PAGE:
Spring is here and swimsuit weather is just around the corner. If you're like many of us, you start panicking about all the weight you need to lose to fit into your favorite swimwear. Some need to lose 5 to 10 pounds of extra fat while others require 20 to 30 pounds, or more. Most of us know that to stay trim all year round would require an improvement in lifestyle. Easier said than done. "Yes but what do I do now?" you ask. Do you diet, exercise or both? Keep in mind that although weight loss through various diet methods may improve your appearance, it may not have a positive effect on your health. According to studies, repeated periods of weight loss followed by weight gain can be harmful to health. (1)
This is why it is very important to maintain a stable weight with proper eating and exercise habits year round. "Yes but I want to lose this weight now", you say. Well, first of all you need to realize how you gained that extra weight. Unless you have a medical condition, you probably put it on by eating too much, not exercising enough or a combination of both. The bottom line is that you have been eating more calories than your body could burn over a period of time. This surplus of calories was stored in your body as fat.
What's the best way to tackle this problem? You could hit the gym for some cardiovascular training, or work out right at home. Exercises that use large muscle groups such as jogging, cycling or aerobics are best for achieving quick weight loss. These high impact exercises, however, are more efficient for rapid weight loss in younger people, for a couple of reasons (there are always some exceptions). Let me explain. These exercises could help melt away pounds in a short time period for someone who is 25 years of age for example.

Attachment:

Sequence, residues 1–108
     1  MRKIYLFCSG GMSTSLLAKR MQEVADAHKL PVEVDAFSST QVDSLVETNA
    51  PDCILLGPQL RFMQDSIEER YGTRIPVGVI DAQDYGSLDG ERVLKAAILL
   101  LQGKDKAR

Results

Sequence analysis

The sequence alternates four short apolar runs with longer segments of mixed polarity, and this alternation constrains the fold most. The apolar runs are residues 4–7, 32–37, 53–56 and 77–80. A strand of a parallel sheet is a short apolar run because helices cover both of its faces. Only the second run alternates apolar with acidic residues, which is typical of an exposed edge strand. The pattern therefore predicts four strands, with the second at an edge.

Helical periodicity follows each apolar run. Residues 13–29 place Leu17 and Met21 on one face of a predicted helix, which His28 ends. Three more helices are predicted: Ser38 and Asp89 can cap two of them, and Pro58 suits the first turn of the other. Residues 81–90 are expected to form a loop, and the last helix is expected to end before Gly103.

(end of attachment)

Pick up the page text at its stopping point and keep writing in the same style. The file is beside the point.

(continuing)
Once you surpass the age of forty, for example, you have to rely more on diet to complement exercise, for quicker weight loss. This is because a person's metabolism slows down with age. A forty five year old performing the same exercise would actually burn fewer calories than someone 20 years younger. Furthermore, a person over forty (there are exceptions) could not train at a high intensity level for long durations as could a twenty five year old.
It doesn't mean, however, that older people shouldn't use high intensity exercise methods. If your doctor gives you the green light, then by all means go for it.
Older individuals need to rely more on calorie restriction than younger individuals. That's not to say that younger people need only to rely on exercise for weight loss. Exercise for them ranks higher on the weight loss efficiency scale. They could often get away without reducing their caloric intake during periods of exercise and still lose weight quite easily. The older generation, however, must rely on a combination of adequate exercise participation and proper diet.